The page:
One embodiment of the present invention sets forth a method for switching rendering operations from an integrated graphics processing unit (IGPU) to a discrete graphics processing unit (DGPU). The method includes the steps of causing a screen shot of a current display to be placed in a first DGPU display buffer included in a local memory of the IGPU, pointing an IGPU digital-to-analog converter (DAC) to the first DGPU display buffer, where the IGPU DAC is coupled to a display device, when queried by an operating system, communicating to the operating system that the DGPU is coupled to the display device, enabling the DGPU, and inserting rendered data from a local memory of the DGPU into the local memory of the IGPU for display.

One advantage of the disclosed method is that it enables application programs to operate using the either the IGPU or the DGPU without terminating the application programs or rebooting the computing device. And, since the display device may be driven by either GPU, switching between the GPUs may be accomplished without changing the connection to the display device.

BRIEF DESCRIPTION OF THE DRAWINGS

So that the manner in which the above recited features of the present invention can be understood in detail, a more particular description of the invention, briefly summarized above, may be had by reference to embodiments, some of which are illustrated in the appended drawings. It is to be noted, however, that the appended drawings illustrate only typical embodiments of this invention and are therefore not to be considered limiting of its scope, for the invention may admit to other equally effective embodiments.

FIG. 1 is a conceptual diagram of a computing system in which one or more aspects of the invention may be implemented;

FIG. 2 is a conceptual diagram of certain elements in the computing system of FIG. 1 that enable different operating modes, according to one embodiment of the invention;

FIG. 3 is a flow diagram of method steps for transitioning to a hybrid graphics mode, according to one embodiment of the invention;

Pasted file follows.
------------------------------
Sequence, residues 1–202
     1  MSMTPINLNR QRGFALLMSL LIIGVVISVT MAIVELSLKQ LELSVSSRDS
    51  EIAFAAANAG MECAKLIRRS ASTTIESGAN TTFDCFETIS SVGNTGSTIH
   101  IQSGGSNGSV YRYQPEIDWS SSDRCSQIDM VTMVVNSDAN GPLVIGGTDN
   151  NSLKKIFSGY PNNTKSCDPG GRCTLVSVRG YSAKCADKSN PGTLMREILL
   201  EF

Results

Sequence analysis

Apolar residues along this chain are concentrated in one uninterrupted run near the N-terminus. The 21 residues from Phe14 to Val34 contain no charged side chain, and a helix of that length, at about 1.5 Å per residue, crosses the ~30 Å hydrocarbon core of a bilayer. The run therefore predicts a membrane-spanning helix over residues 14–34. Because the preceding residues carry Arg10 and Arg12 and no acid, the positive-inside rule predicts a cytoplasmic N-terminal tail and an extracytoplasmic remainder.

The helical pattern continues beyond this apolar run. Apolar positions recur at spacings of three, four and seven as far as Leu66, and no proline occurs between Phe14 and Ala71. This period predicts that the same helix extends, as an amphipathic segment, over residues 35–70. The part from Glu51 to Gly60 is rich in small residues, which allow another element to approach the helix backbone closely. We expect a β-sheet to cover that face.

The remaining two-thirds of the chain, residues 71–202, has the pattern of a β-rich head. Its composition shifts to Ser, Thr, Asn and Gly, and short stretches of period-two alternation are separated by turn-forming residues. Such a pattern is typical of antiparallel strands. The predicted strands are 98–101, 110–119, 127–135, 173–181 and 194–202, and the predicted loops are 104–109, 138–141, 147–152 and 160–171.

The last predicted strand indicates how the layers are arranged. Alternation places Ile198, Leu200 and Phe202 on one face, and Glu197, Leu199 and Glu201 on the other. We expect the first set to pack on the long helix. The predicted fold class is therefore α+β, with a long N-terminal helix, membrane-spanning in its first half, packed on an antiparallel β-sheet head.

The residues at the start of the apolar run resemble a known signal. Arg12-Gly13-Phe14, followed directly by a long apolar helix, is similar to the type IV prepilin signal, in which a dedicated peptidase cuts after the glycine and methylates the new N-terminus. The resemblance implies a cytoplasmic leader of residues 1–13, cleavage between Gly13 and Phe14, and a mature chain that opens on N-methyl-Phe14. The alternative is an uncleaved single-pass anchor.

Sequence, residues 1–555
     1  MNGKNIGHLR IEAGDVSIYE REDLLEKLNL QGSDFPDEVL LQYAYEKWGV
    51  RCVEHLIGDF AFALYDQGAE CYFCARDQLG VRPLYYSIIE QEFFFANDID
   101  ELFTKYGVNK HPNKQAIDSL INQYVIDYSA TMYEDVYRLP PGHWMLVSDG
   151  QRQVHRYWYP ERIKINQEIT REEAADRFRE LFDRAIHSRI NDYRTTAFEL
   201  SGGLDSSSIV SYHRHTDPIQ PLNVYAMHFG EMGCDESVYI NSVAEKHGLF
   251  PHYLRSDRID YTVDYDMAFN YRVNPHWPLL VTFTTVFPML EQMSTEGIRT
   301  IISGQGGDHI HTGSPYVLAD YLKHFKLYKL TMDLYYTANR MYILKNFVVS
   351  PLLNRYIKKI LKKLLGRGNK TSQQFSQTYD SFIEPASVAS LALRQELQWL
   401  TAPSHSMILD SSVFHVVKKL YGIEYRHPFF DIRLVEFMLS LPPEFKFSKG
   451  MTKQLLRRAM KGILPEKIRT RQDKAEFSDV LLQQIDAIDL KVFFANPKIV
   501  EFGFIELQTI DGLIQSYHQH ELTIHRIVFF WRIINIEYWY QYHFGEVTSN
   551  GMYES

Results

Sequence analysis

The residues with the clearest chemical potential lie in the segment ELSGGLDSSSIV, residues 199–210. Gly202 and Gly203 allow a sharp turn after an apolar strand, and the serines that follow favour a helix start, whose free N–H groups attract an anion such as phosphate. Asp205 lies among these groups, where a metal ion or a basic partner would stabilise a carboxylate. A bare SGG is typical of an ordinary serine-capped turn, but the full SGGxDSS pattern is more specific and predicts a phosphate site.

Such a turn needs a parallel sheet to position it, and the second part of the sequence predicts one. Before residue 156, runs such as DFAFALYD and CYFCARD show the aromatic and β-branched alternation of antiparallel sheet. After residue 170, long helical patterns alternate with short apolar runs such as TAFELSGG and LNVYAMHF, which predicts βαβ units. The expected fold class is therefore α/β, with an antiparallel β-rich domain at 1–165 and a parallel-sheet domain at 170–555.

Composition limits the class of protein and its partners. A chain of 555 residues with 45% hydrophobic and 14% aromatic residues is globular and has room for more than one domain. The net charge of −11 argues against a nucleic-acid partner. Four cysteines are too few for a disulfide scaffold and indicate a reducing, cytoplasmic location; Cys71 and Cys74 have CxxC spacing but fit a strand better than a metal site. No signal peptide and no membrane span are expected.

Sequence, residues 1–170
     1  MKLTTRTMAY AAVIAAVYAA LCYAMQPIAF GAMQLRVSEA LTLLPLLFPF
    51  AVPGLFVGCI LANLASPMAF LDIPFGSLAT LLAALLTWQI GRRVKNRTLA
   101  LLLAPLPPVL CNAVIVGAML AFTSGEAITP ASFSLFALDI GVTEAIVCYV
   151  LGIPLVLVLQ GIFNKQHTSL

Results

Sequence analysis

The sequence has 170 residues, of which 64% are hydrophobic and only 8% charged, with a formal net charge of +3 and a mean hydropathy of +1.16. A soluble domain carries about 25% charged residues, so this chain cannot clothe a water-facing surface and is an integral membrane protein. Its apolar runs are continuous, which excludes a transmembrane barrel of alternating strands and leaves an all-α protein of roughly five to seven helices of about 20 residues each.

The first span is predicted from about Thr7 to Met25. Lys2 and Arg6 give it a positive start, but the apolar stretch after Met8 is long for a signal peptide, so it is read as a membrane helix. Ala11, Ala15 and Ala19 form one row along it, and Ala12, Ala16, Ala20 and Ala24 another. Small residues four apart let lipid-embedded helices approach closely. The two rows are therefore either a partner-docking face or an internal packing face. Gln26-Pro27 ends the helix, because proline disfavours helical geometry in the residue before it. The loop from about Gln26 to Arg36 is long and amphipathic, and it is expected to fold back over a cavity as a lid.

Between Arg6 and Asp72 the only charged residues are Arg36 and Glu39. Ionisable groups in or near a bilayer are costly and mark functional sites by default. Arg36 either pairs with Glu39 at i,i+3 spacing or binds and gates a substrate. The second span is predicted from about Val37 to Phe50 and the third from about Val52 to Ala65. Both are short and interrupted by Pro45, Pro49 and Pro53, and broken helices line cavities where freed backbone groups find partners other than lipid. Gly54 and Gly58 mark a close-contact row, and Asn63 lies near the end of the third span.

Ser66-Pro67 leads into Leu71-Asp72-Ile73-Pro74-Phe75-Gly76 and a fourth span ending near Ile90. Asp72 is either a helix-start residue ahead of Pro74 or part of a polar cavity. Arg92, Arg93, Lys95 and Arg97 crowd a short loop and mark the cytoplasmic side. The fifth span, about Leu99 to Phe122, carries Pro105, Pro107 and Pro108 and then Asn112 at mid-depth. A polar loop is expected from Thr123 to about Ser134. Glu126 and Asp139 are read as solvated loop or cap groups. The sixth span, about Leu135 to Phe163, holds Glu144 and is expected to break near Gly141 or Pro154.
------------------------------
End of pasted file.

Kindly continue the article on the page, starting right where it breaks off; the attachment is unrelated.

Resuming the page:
FIG. 4 is a flow diagram of method steps executed by the operating system to switch the GPU that renders the graphics images for the computing system, according to one embodiment of the invention;

FIG. 5 is a flow diagram of method steps executed by the graphics driver for transitioning to and operating in the hybrid graphics mode from the integrated graphics mode, according to one embodiment of the invention; and

FIG. 6 is a flow diagram of method steps for transitioning from the hybrid graphics mode to the integrated graphics mode, according to one embodiment of the invention.

DETAILED DESCRIPTION

FIG. 1 is a conceptual diagram of a computing system 100 in which one or more aspects of the invention may be implemented. As shown, the computing system 100 includes a central processing unit (CPU) 102, input devices 110, a system memory 104, an integrated graphics processing subsystem 106, a discrete graphics processing system 108, a video cable 132, and a display device 110. In alternate embodiments, the CPU 102 and portions of the integrated graphics processing subsystem 106 may be integrated into a single processing unit. Communication paths interconnecting the various components in FIG. 1 may be implemented using any suitable bus or point-to-point communication protocol(s), and connections between different devices may use different protocols as is known in the art.

The CPU 102 connects to the input devices 110, the system memory 104, the integrated graphics processing subsystem 106, and the discrete graphics processing subsystem 108 via a bus 140. The CPU 102 receives user input from the input devices 110, executes programming instructions stored in the system memory 104, operates on data stored in the system memory 104, and configures either the integrated graphics processing subsystem 106 or the discrete graphics processing subsystem 108 to perform specific tasks in the graphics pipeline. In alternate embodiments, the CPU 102 may configure the integrated graphics processing subsystem 106 and the discrete graphics processing subsystem 108 to work together to perform specific tasks.